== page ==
My wife and I made more than our share of financial mistakes early in our marriage and are still making up for losses. Can you give us some tips on how to catch up?
Catching Up Financially
Dear Catching Up Financially,
Ha! You and me both! I could write a book on all the financial mistakes I have made. To answer your question, I’ve compiled a short list of common financial mistakes to avoid.
First and foremost, remember that you are a temporary steward entrusted with managing what God provides.
“Yours, O Lord, is the greatness and the power and the glory and the victory and the majesty, for all that is in the heavens and in the earth is yours. Yours is the kingdom, O Lord, and you are exalted as head above all. Both riches and honor come from you, and you rule over all …” (1 Chronicles 29:11–12a ESV).
Mistake: Spending more than you earn
Now that you know your role and responsibility, never spend more than you earn. It’s the quickest way to end up in debt and will set you back months, years and even decades with interest payments and missed opportunities to save and invest. Imagine playing limbo every month — the bar represents your income, and you represent control over your spending.
Mistake: No emergency savings
When spending less than you earn, you can fund an emergency savings account. The money set aside for this purpose will prevent you from having to use a credit card when the unexpected hits — which it will! You might as well learn to expect the unexpected! Things happen that may catch you off guard: a flat tire, a lay-off, a medical issue, etc. — so having an emergency fund grants you financial protection.
“Go to the ant, O sluggard; consider her ways, and be wise. Without having any chief, officer, or ruler, she prepares her bread in summer and gathers her food in harvest. How long will you lie there, O sluggard? When will you arise from your sleep? A little sleep, a little slumber, a little folding of the hands to rest, and poverty will come upon you like a robber and want like an armed man” (Proverbs 6:6–11 ESV).
Mistake: Streaming services that waste time and money on entertainment
Last year, CNBC reported that consumers spend an average of $133 more each month on subscriptions than they realize. Eighty-five percent of U.S. households have at least one video streaming subscription, and 60% have at least one paid music streaming subscription. These are usually auto-paid, and users fail to notice the cost.
Many are charged for subscriptions they do not use. As a result, many consumers underestimate how much they spend on subscriptions each month: mobile phone, internet, TV/movie streaming, Amazon Prime, music streaming, miscellaneous digital subscriptions, gaming, news and others. Cutting back on streaming can save you money and time. Closely monitor bank and credit card statements to avoid paying for what you do not use (or need).
Mistake: Carrying a balance on a credit card
Assuming you have a credit card or two, never carry a balance. Current interest rates are ridiculous, and more than half of Americans are paying them. Do you want to pay 25% more for debt you carry over each month? This is financial suicide. Set a goal to pay off balances as quickly as possible using the avalanche or snowball methods, a balance transfer, or a combination of these methods. Try Crown’s online courses, work with one of our Budget Coaches, or contact Christian Credit Counselors.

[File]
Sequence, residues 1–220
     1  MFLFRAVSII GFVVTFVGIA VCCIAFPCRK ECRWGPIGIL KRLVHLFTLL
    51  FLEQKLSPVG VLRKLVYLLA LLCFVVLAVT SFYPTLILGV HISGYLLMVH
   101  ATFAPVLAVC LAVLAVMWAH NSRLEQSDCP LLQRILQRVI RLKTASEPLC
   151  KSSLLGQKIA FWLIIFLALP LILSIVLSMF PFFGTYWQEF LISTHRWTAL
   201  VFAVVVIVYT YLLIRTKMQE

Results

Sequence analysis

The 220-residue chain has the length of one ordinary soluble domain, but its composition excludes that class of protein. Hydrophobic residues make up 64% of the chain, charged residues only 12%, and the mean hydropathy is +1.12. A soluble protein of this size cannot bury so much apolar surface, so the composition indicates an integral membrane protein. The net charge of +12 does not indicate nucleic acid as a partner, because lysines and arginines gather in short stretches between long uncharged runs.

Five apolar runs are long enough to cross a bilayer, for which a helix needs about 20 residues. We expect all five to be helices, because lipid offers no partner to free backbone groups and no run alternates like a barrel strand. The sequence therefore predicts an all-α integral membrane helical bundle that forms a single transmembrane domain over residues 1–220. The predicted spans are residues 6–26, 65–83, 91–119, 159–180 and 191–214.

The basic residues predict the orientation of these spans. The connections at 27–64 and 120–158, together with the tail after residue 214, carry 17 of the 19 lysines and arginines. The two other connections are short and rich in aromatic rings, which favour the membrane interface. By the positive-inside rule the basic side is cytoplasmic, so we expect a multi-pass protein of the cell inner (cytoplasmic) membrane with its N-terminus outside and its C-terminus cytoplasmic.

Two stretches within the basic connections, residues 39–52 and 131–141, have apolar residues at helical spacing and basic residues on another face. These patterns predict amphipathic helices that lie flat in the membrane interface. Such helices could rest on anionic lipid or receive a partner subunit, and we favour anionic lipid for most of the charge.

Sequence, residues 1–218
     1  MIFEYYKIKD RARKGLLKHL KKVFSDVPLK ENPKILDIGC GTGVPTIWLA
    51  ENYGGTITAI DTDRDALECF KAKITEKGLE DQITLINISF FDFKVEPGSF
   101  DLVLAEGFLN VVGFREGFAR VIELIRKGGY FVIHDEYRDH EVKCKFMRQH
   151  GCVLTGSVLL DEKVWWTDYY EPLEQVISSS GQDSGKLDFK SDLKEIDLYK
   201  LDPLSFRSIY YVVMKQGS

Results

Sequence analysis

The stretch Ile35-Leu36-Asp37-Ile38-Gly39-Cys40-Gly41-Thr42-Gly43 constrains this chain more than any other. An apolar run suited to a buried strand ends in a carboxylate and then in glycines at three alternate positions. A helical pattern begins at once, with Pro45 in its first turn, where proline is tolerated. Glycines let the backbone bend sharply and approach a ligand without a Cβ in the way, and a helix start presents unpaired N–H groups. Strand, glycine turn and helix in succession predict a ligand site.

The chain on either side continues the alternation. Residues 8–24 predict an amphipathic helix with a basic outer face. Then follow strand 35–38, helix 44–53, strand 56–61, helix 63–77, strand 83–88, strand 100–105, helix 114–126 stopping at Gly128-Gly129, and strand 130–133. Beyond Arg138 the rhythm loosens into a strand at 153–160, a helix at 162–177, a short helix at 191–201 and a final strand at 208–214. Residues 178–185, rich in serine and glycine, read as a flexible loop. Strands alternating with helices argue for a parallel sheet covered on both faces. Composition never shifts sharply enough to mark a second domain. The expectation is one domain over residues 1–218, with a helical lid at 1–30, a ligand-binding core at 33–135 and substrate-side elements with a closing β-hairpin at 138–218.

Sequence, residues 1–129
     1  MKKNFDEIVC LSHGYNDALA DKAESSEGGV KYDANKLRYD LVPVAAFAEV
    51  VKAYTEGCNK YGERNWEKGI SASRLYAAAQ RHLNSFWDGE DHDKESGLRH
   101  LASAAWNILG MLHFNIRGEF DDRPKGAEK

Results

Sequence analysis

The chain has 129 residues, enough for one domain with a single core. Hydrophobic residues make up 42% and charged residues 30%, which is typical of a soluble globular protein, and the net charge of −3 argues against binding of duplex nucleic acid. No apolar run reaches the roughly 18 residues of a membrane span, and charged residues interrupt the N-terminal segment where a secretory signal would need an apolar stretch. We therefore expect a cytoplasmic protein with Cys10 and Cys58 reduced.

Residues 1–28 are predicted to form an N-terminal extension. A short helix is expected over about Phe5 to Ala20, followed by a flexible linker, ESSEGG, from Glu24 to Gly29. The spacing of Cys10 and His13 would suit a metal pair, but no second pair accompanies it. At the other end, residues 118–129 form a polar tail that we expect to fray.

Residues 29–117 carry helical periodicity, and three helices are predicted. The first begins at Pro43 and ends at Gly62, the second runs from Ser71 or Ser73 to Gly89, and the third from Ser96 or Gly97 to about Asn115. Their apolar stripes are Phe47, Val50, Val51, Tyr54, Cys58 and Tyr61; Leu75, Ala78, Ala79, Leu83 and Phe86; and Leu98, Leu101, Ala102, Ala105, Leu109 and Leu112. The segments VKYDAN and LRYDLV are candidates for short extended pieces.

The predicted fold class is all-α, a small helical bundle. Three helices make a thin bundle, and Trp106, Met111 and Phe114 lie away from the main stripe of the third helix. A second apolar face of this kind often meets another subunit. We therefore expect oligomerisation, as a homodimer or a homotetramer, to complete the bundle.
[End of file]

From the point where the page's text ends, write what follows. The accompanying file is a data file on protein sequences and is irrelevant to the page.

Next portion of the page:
“Owe no one anything, except to love each other, for the one who loves another has fulfilled the law” (Romans 13:8 ESV).
Mistake: Taking expensive vacations
When I was growing up, vacations were spent driving to visit out-of-town family or a National Park. They were never expensive but always fun! Today, people fly to destinations, even if they are in debt. One survey showed that despite inflation and credit card debt, consumers have a “treat yourself” mentality, indulging in drinks, experiencing new activities, and purchasing expensive souvenirs. FOMO, hidden costs, under-estimated extras, and more can lead to post-vacation debt. Budgeting and planning ahead prevent overspending. Pray about a trip you want to take. Then work and save together. God can provide in amazing ways that you would miss if you choose to go into debt.
“Trust in the Lord and do good; dwell in the land and befriend faithfulness. Delight yourself in the Lord and he will give you the desires of your heart. Commit your way to the Lord; trust in him, and he will act,” (Psalm 37:3–5 ESV).
Practice contentment and improve your finances
“Keep your life free from love of money, and be content with what you have, for he has said, ‘I will never leave you nor forsake you’” (Hebrews 13:5 ESV).
When we realize that this life is so very temporary, we learn to be content, which leads to far less spending. Less spending creates more giving, saving and investing, which reduces stress and accelerates the ability to catch up.
Thank you for your question. Due to the importance of this topic, I plan to cover more mistakes next week.
I would like to invite you to our Crown Reunion in Ridgecrest, North Carolina, from October 12–15, 2023. Here, you will learn more about financial stewardship, meet our staff and some of our international partners, and grow spiritually with new friends. More information is available here: https://www.crown.org/reunion/.
Chuck Bentley is CEO of Crown Financial Ministries, a global Christian ministry, founded by the late Larry Burkett. He is the host of a daily radio broadcast, My MoneyLife, featured on more than 1,000 Christian Music and Talk stations in the U.S., and author of his most recent book, Economic Evidence for God?. Be sure to follow Crown on Facebook.